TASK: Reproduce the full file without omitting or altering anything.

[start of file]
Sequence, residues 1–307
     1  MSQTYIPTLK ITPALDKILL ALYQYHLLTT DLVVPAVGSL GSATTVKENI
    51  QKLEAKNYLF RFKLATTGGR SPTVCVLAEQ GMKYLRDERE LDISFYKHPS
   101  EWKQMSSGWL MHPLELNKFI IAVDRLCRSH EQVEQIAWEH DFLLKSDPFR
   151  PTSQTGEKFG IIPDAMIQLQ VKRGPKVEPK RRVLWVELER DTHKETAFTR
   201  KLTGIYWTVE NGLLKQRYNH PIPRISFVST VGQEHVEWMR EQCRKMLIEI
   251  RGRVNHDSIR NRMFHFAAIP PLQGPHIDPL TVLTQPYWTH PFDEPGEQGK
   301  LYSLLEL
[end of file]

Sequence, residues 1–307
     1  MSQTYIPTLK ITPALDKILL ALYQYHLLTT DLVVPAVGSL GSATTVKENI
    51  QKLEAKNYLF RFKLATTGGR SPTVCVLAEQ GMKYLRDERE LDISFYKHPS
   101  EWKQMSSGWL MHPLELNKFI IAVDRLCRSH EQVEQIAWEH DFLLKSDPFR
   151  PTSQTGEKFG IIPDAMIQLQ VKRGPKVEPK RRVLWVELER DTHKETAFTR
   201  KLTGIYWTVE NGLLKQRYNH PIPRISFVST VGQEHVEWMR EQCRKMLIEI
   251  RGRVNHDSIR NRMFHFAAIP PLQGPHIDPL TVLTQPYWTH PFDEPGEQGK
   301  LYSLLEL